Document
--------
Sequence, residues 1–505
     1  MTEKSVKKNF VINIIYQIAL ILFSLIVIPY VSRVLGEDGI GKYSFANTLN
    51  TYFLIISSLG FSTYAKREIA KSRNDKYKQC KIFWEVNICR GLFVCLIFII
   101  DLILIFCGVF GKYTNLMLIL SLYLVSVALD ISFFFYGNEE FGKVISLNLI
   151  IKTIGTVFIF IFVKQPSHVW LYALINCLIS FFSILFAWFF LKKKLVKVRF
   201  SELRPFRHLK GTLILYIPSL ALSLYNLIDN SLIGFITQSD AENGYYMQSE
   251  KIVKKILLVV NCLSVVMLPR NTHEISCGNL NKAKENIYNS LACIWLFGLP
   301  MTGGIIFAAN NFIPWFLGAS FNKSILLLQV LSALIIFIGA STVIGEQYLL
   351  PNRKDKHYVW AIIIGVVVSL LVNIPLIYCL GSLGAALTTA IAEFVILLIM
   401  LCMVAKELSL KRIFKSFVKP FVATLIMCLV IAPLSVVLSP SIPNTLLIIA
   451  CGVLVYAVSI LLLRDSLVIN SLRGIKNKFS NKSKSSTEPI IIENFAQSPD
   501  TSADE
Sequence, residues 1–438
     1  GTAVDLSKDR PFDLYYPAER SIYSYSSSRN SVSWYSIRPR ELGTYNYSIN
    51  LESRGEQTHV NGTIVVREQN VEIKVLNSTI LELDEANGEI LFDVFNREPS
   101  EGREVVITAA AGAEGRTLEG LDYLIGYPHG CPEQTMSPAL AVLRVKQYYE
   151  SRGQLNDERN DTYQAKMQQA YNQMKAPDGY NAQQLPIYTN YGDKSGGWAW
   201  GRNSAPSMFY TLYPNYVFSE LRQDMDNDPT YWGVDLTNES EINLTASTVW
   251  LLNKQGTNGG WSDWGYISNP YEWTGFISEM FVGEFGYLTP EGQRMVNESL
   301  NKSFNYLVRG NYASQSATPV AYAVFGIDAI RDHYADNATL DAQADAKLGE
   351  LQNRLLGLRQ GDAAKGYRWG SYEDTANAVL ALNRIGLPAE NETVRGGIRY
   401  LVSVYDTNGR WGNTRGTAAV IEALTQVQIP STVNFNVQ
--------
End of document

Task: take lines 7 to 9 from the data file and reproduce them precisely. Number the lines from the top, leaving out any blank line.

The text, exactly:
   251  KIVKKILLVV NCLSVVMLPR NTHEISCGNL NKAKENIYNS LACIWLFGLP
   301  MTGGIIFAAN NFIPWFLGAS FNKSILLLQV LSALIIFIGA STVIGEQYLL
   351  PNRKDKHYVW AIIIGVVVSL LVNIPLIYCL GSLGAALTTA IAEFVILLIM